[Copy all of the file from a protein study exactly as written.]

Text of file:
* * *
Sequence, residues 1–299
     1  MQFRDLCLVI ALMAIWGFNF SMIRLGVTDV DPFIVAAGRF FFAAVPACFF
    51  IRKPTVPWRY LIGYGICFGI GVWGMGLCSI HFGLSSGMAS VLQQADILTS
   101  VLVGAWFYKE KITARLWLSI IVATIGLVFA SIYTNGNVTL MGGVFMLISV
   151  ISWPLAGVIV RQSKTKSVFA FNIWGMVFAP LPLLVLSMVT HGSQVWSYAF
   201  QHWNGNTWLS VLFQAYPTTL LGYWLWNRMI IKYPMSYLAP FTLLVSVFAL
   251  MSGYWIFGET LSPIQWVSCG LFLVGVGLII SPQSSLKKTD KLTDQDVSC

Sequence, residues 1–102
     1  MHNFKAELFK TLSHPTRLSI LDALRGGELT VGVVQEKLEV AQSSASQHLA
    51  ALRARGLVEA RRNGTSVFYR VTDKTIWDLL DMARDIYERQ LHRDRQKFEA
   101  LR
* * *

Sequence, residues 1–299
     1  MQFRDLCLVI ALMAIWGFNF SMIRLGVTDV DPFIVAAGRF FFAAVPACFF
    51  IRKPTVPWRY LIGYGICFGI GVWGMGLCSI HFGLSSGMAS VLQQADILTS
   101  VLVGAWFYKE KITARLWLSI IVATIGLVFA SIYTNGNVTL MGGVFMLISV
   151  ISWPLAGVIV RQSKTKSVFA FNIWGMVFAP LPLLVLSMVT HGSQVWSYAF
   201  QHWNGNTWLS VLFQAYPTTL LGYWLWNRMI IKYPMSYLAP FTLLVSVFAL
   251  MSGYWIFGET LSPIQWVSCG LFLVGVGLII SPQSSLKKTD KLTDQDVSC

Sequence, residues 1–102
     1  MHNFKAELFK TLSHPTRLSI LDALRGGELT VGVVQEKLEV AQSSASQHLA
    51  ALRARGLVEA RRNGTSVFYR VTDKTIWDLL DMARDIYERQ LHRDRQKFEA
   101  LR